What are the risks of a community-led approach?

There can be a tendency to romanticise community-led initiatives, but we need to acknowledge that no community is perfect. If there are power imbalances in the community, this may be reflected in the decision-making structure and the activities that are prioritised. In extreme cases, funding this type of community-led initiative could lead to reinforcing damaging inequalities. 

An idealised version of this type of work can also assume that all that’s needed to run a great community initiative is lived experience of the issues and a commitment to doing good. In reality, as well as these vital traits, running social programmes and organisational management often need specific expertise. Relying on good intentions alone can lead to inefficiencies or a failure to maximise potential by not bringing in expertise where needed. 

The Trussell Trust is one organisation dealing well with this issue. Their franchise model means that the national organisation supports a network of community-led foodbanks, empowering them so that they can thrive. 

Community-led initiatives can have a significant impact on community transformation and achieving local vision and goals. However, especially for small organisations, measuring this impact is often challenging, as monitoring and evaluation can be time consuming, costly and requires technical expertise. For simple initiatives providing a limited service in response to a specific need, such as food banks, this may not be a major concern. While food banks may not solve food poverty, the short-term provision of food does effectively tackle hunger.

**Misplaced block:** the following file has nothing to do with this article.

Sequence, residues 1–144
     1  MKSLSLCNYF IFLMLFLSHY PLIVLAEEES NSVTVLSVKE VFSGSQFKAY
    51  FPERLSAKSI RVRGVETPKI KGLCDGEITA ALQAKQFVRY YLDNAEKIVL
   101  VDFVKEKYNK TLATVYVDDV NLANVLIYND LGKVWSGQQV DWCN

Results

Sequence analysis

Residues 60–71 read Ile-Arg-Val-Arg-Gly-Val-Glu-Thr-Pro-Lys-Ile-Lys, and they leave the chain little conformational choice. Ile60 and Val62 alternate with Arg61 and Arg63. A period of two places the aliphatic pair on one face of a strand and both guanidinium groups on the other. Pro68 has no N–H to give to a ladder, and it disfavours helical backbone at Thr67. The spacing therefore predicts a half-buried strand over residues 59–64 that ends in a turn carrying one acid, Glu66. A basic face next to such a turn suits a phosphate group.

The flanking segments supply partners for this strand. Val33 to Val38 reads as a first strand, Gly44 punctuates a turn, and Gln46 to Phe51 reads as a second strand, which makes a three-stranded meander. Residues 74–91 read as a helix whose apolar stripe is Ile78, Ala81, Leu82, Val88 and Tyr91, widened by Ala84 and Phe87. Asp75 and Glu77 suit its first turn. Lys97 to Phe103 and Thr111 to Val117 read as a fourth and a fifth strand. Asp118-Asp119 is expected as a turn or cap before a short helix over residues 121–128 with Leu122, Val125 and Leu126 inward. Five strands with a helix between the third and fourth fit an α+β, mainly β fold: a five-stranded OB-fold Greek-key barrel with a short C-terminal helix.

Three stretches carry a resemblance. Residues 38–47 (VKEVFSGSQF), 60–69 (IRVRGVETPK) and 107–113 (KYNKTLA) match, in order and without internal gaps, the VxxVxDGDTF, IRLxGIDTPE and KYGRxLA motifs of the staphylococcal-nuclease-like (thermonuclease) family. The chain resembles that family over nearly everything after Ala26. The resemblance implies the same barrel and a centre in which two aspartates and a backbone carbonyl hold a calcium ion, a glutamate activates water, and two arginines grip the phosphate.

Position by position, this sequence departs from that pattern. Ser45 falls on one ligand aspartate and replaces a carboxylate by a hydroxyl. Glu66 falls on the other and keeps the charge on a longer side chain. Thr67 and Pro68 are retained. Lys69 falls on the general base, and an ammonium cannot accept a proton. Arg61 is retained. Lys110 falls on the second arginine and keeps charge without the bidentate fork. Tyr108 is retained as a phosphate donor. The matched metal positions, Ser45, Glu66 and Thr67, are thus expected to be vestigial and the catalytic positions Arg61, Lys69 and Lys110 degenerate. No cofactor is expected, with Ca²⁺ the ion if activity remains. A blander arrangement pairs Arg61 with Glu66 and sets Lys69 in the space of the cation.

For community-led initiatives trialling new ideas or dealing with issues where it’s harder to provide even a short-term solution (such as mental health or gang violence), this may be a hurdle. Even when solutions come from within, there should be some attempt at a cycle of evaluation and improvement baked into the approach. We discuss the importance of evidence and how it can be used to assess a charity’s impact in our Evidence vs Impact series.


How to recognise a strong community-led initiative

Assessing the quality of any charity you’re considering supporting is a difficult task but the following tips can help guide the process of understanding a community-led initiative:

  • Look into the decision-making structure of the organisation. Is it open to the voices of the community and does it reflect the main beneficiaries, or only a subsection of the community it’s aiming to help?
  • Ask them directly what they’ve achieved. Much like any charity, it’s worth asking them what and how they know they have achieved it (i.e. evidence to support their claims) and, crucially, how they’ve learned from their mistakes. No organisation is perfect and recognising past failures and learning from them is a sign of an organisation on the right track.
  • Talk to the community they aim to support. Are they empowered by the initiative? The very act of being community-led, as well as the projects or programmes, can and should be leveraged to provide positive outcomes for those involved, such as increased confidence.
  • Have they built trust with key stakeholders? Community-led initiatives ultimately come down to relationships and those who can build trust can create change.

And lastly, once you’ve found a community-led initiative you’d like to support, we strongly recommend providing unrestricted funding. Because ultimately a good community-led initiative is one that responds to the needs of the community, not its donors.